My father would occasionally put in a Saturday at his office, and since my Mom was working too he would take me with him. We’d stop at a department store (Woolworth’s, usually) and he would buy me two or three of them, and I would sit at his secretary’s desk for hours, never making a peep. Considering those books were only a buck or so apiece, he got peace and quiet for a whole afternoon for only three or four bucks. Not a bad deal!
The treasuries were also informal history lessons on comics. Since they were, often as not, reprint collections, I got a chance to see dozens of comics stories that I normally never would have had access to — Golden Age Batman stories, C.C. Beck’s Shazam!, Lee/Kirby Fantastic Fours, etc. It made the world of comics feel bigger, both literally and figuratively.
When did you begin tracking down treasuries in earnest? And did you have a Holy Grail that eluded you for a long time?
I would look for treasuries at conventions every so often, but the prices were usually beyond what I was willing to spend; plus because they’re so hard to store that I could usually only find them in really poor condition. Once I discovered eBay however, then all bets were off — I tracked down every DC and Marvel treasury that there was, even ones I didn’t really want (Am I really bidding $20 for the Marvel Smurfs treasury? Yes I am) until I had them all.
There never really was a holy grail, because it was fairly easy to find all the DC and Marvels on eBay. Once I launched the TreasuryComics.com site, though, I realized there were dozens of treasuries from other publishers that I didn’t know existed. So then the collecting process started all over again!
If that’s the case, then, which do you deem your most valuable? Or favorite?
I only deal with favorites; and while I love all of them (okay, maybe not Marvel’s Annie movie adaptation), there are a couple that I distinctly remember having as a kid and are especially beloved:
Limited Collectors’ Edition C-40 – Dick Tracy, DC. The one and only time DC licensed the Dick Tracy strip, it featured an ongoing continuity starring Flattop. I don’t think I had ever seen Dick Tracy to that point, and I just fell in love with it. I didn’t really understand the difference between comic books and comic strips, though I could tell this was different than what I normally saw. It launched a love of the form that continues to this day, and was a major inspiration for my webcomic Ace Kilroy. I always wondered why DC never did it again, so a year or so ago I asked longtime DC staffer Bob Rozakis and he told me it sold so poorly there was never an impetus to do it again. I don’t know what was wrong with my fellow 1970s kids!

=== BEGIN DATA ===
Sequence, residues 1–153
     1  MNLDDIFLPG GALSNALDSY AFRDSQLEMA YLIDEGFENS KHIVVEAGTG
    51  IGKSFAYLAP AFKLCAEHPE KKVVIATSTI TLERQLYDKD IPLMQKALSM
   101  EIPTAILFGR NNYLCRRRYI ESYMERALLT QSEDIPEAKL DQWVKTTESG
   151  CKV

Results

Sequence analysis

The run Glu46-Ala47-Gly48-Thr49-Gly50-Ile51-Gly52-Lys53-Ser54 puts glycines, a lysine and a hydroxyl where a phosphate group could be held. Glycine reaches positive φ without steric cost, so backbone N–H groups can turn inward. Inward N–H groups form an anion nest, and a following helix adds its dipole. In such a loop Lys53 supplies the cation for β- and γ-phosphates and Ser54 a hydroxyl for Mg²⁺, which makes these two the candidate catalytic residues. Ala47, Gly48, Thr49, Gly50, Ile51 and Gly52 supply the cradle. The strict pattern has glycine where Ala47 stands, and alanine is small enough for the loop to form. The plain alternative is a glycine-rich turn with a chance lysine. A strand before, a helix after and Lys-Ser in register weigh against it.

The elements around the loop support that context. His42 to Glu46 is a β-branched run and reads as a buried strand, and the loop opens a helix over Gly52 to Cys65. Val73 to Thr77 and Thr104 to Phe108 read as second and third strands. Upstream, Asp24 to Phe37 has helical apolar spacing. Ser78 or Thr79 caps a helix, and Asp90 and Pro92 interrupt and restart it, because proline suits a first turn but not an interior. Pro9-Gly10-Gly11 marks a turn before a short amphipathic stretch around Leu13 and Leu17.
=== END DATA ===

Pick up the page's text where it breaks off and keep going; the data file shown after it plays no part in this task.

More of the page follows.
Limited Collectors’ Edition C-47 – Superman Salutes The Bicentennial, DC. A classic case of bait-and-switch: The title and cover feature Superman, but on Page 1 he introduces the stories, which were old Tomahawk reprints. I have an appreciation for that stuff now (sort of), but when I was a kid I couldn’t have cared less. Ripoff! Luckily though, the back cover featured a history of the U.S. president, in order, along with the years they served. It helped inspire a love of history (specifically presidential history) that, like my love of comic strips, continues to today. I have a friend whose little boy is a nut on the subject of the presidents, so as a Christmas present I scanned the back cover and added all the presidents that have come since.
Marvel Treasury Edition #18 – The Astonishing Spider-Man. I bought this one while my family and I were on vacation in the Pocono Mountains in Pennsylvania, which we did every year around my birthday. The cabin we rented didn’t have a TV, so I read tons and tons of comics. This book featured various Spidey team-ups, along with some great puzzle and gag pages by the incomparable Marie Severin. Spider-Man and the X-Men vs. Morbius the Living Vampire, drawn by Gil Kane, at a giant size! How can you beat that?